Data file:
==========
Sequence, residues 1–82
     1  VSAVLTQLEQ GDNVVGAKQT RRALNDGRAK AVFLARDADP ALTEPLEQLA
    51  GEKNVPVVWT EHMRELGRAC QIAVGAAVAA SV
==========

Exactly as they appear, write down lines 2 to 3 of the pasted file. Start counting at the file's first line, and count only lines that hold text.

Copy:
     1  VSAVLTQLEQ GDNVVGAKQT RRALNDGRAK AVFLARDADP ALTEPLEQLA
    51  GEKNVPVVWT EHMRELGRAC QIAVGAAVAA SV